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Rheinturm (Dusseldorf, Germany)

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Telecommunications tower in Düsseldorf, Germany

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      09.05.2011 23:23
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      How to get a bird's eye view of Dusselfdorf

      There's a tendency to think, when it comes to television towers, that when you've visited one, you've been to them all. Actually, you couldn't be further from the truth; no two teletowers are alike, no matter how much they may look to be, even close up. For me this is not necessarily a good thing because it's Himself, my faithful and ever present travelling companion, who always insists on visiting any available teletower. Curiously, although I am fine in the highest of cable cars or halfway up the steepest of mountains and love to look out of the window on planes, I tend to feel horribly vertiginous in tall buildings, especially ones like television towers that seem, to me at least, terribly unsafe.

      As you are reading this review it must be apparent that I managed to conquer the fear that I'd soon be reacquainted with my breakfast, and reluctantly wedged myself into a tiny lift, nose to nipple with a dozen German and Italian tourists and the lift operator, Düsseldorf's answer to Alfred Hitchcock, and, actually, I quite liked it - well most of it.

      Since the tower is easy to see from any part of the city it might seem like a bit daft to ask how to get to the Rheinturm but if you are short of time, or can't walk very far (or just don't wish to) you might be glad to know that there are a couple of bus stops very close to the tower. It's also one of the stops on the hop on/hop off open top bus tour. For those who do wish to walk, then it's a lovely fifteen minute stroll from the Altstadt along the Rhine Promenade to the tower. There's a car-park beside the building, and spaces to lock up bicycles too.

      Admittedly the Rheinturm is not the most attractive building in Düsseldorf (and juxtaposed against the splendid architecture in the Media Harbour it looks even worse); it's what you'd call striking rather than beautiful and even striking lends a vague sense of beauty that this tower simply does not have. It is elegant, though, tapering gently from a slightly wider base, forming a neat waist and then opening out again a bit like a martini glass, a little notch where the observation deck and restaurant are, then tapering again as if crowned with a mixture of alternating beermats and cotton reels and topped off with a flightless dart - a much nicer design than those teletowers that look like a giraffe that's swallowed a UFO. There's a light sculpture on the outside of the shaft of the tower which is said to be the world's biggest digital clock; the sculpture, called "Lichtzeitpegel" (Light time level) was designed by Horst Baumann.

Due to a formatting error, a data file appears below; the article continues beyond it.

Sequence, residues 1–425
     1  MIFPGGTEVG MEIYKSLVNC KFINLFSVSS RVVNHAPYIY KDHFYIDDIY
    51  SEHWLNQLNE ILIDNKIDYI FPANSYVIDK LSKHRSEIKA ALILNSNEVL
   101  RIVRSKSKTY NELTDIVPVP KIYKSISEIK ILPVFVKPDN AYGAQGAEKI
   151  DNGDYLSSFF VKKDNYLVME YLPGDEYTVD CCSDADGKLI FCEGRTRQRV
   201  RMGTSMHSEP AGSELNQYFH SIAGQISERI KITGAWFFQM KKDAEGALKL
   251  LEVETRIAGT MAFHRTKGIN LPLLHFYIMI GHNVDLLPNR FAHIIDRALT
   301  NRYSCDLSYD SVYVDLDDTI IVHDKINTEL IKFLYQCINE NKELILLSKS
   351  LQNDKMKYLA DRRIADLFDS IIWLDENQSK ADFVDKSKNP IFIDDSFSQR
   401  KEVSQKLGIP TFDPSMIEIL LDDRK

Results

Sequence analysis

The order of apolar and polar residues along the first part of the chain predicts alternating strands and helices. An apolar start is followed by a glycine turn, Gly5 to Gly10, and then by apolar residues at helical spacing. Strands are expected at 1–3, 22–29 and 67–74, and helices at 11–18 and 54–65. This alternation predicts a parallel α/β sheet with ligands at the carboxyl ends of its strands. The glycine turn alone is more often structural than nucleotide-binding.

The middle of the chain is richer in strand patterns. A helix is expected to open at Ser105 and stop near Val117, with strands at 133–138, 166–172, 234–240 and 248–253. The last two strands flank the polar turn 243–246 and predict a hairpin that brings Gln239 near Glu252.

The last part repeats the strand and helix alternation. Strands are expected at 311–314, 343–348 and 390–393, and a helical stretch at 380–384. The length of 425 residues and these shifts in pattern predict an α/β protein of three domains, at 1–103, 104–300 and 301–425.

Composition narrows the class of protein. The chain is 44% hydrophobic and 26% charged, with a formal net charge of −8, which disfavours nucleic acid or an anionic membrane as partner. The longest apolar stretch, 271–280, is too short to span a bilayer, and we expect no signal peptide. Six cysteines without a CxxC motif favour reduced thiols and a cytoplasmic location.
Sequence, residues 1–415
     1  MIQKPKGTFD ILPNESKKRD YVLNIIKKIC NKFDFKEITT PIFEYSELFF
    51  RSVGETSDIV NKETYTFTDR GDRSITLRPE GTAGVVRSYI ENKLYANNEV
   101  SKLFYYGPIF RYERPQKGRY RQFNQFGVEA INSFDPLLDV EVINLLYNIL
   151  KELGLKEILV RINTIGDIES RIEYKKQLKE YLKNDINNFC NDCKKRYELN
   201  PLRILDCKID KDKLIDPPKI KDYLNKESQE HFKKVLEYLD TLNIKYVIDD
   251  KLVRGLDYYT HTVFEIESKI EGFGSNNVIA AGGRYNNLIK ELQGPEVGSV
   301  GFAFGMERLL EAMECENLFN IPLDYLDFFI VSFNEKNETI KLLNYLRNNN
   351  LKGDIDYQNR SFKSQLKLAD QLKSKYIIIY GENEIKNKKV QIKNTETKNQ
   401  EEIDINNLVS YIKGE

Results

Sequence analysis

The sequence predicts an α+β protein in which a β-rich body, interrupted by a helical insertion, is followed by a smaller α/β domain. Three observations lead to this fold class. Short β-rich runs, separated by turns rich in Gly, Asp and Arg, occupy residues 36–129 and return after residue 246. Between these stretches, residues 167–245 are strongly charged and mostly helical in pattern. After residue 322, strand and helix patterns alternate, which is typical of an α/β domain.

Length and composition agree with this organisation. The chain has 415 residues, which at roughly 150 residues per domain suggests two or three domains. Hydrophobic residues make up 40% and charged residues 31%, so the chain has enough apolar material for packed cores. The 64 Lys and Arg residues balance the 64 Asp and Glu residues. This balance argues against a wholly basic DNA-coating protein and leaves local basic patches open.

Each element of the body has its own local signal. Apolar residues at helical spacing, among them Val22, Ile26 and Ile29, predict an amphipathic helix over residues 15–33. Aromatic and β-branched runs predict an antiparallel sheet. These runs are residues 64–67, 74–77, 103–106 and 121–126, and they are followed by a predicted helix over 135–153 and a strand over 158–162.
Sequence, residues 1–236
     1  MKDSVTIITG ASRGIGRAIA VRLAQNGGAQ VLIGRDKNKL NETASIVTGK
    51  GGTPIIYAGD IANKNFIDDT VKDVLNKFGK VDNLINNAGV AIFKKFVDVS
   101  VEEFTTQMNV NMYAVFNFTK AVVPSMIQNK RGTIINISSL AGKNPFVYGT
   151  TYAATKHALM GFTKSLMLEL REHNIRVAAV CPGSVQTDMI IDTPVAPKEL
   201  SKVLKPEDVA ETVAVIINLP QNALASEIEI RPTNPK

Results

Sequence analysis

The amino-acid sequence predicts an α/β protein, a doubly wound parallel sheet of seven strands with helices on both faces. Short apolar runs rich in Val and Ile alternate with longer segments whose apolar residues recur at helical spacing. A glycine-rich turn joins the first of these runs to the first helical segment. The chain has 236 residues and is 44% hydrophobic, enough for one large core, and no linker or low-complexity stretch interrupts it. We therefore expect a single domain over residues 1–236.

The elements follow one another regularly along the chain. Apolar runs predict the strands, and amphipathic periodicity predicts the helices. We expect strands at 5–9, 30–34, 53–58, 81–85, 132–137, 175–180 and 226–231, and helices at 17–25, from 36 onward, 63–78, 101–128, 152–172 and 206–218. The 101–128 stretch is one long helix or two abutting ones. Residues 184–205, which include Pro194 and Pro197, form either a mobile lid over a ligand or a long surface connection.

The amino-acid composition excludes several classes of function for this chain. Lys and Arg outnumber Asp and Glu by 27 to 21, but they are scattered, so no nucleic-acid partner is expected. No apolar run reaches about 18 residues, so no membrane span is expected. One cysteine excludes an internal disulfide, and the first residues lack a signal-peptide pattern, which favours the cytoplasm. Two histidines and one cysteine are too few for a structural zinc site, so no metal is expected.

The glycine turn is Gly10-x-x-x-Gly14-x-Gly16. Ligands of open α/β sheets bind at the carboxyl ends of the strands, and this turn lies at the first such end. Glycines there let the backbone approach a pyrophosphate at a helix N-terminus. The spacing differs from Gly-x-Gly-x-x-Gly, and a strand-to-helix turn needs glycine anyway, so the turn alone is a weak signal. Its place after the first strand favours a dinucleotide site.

The construction of the tower started in 1979 and was completed in 1981; sadly the interior appears never to have been updated and as a result looks rather sad and dated. Of course, you've come to look at the view outside the tower and not to critique the interior decoration but it is hard not to wonder why they don't spruce it up a bit.

      There are a few steps up to the entrance and a small ticket office inside. It's very dark and gloomy and not the kind of place you'd want to hang around in, so it was disappointing to find when we visited that one of the two lifts was not in use. There are seats around the outside of this area and the lift shaft occupies the centre of the chamber. The outside of this was clad in mirrors on which is etched a map of the world and the time zones, with key cities picked out. This didn't do much to distract from the general gloominess and I couldn't help but compare this with the lovely coloured windows and excellent exhibition in the entrance to the teletower in Tallinn, Estonia.

      Once the lift had emptied from its downward journey we all filed in and the operator pressed the button that would start our ascent. As this lift is built into the centre of the tower, there are no windows but you can follow the progress of your ascent on the red digital clock which counts the number of metres covered. At 170 metres the lift stops and it's all out and onto the observation deck.